Only really, really terrible models have a negative variance. Lets say your model just kind of sucks. And you would like to know if a different model sucks less. Here is where the Akaike Information Criterion comes in handy. You may have seen it on printouts from SAS, SPSS or other handy-dandy statistical software. You don’t recall any such thing, you say? That is what AIC stands for. Go back and look through your output again.
Generally, when we look at statistics like an F-value, t-value, chi-square or standardized regression coefficient we are used to thinking that bigger is better. In fact, it is so easy to get confused that some of the newer versions and newer procedures (for example, SAS PROC MIXED) tell you specifically on the output that smaller is better.
Let’s take a few models I have lying around. All of them are from an actual study where we trained people who provide direct care for people with disabilities. We wanted to predict who passed a test at the end of the training. We include two predictors (covariates), education and group (trained versus control).
SAS gives us two AIC model fit statistics
Intercept only: 193.107
Intercept and Covariates: 178.488
We are happy to see that our model has a lower AIC than just the intercept, so we are doing better than nothing. However, we are sad to see that while education is a significant predictor (p < .001), group is not (p > .10 ). Since we have already spent the grant money, we are sad.
At this point, one of us (okay, it was me), gets the brilliant idea of looking at that screening test we gave all of the subjects. So, we do a second model with the screening test.
We see that our screening test is significantly related to whether they passed (p <.0001) , education is still significant (p <.001) and joy of joys, group is also significant (p <.05 ).
Let's look at our two fit statistics
two AIC model fit statistics
Intercept only: 193.107 (still the same, of course)
Intercept and Covariates: 142.25
Not only is our model now much better than the intercept alone, but it is also much better than our earlier model that didn't include the screening test.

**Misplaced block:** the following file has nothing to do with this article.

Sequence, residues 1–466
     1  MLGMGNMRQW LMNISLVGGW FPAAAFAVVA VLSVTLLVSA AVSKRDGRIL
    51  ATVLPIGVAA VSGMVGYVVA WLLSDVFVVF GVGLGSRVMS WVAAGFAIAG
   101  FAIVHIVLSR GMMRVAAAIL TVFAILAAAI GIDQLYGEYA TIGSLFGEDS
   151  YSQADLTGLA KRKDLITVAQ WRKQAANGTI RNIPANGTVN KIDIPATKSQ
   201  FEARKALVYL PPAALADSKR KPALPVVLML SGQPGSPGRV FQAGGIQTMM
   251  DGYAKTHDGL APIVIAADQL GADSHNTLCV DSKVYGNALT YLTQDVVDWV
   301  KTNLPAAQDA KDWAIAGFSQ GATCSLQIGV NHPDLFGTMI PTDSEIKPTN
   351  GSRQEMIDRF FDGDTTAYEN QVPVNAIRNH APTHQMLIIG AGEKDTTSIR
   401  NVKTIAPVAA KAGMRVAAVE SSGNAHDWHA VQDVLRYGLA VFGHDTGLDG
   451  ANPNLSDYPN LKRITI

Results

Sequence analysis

Won't that always happen when you add a new variable that you get a better fit to the data?
Okay, fine, you want another example? This training was a combination of on-line and classroom training. We thought perhaps people who were more computer proficient would benefit more. We included in our third model a scale that included their use of email, Internet access and whether they had a computer at home. Here are our final results:
Akaike Information Criterion (AIC)
Intercept only: 193.107
Intercept, Education & group: 178.488
Intercept, Education, group & pretest: 141.25
Intercept, Education, group, pretest & computer literacy: 142.83
The third model is the best of our four options (one of the options being to say the hell with using anything to predict).
As they will tell you in everything decent ever written on Akaike’s Information Criterion (see, it IS fun to say) cannot give you a good model. It can just tell you which of the models you have is the best. So, if they all suck, it will pick out the one that sucks less.
Speaking of things decent written on AIC, I recommend
Making sense out of Akaike’s Information Criterion.
Also, it just so happens that the model I selected did not suck, based on such criteria as the percent of concordant and discordant pairs, but I don’t have time for that right now as I must take the world’s most spoiled twelve-year-old to her drum lesson and then drive to Las Vegas, not for the Consumer Electronics Show but to see my next-to-youngest at the Orleans Casino in her last amateur fight before she goes professional next month.
I read an article in Salon.com today by a stay-at-home mom who was regretting her decision. I am grateful to her that I do not feel guilt about writing this blog post before drum lessons instead of making my child a home cooked meal.
The world’s most spoiled twelve-year-old is also grateful because she got chocolate and glazed doughnuts for supper.
Yet, despite my lack of parenting skills, my children nevertheless continue to survive and even frequently thrive. Yes, it amazes all of us.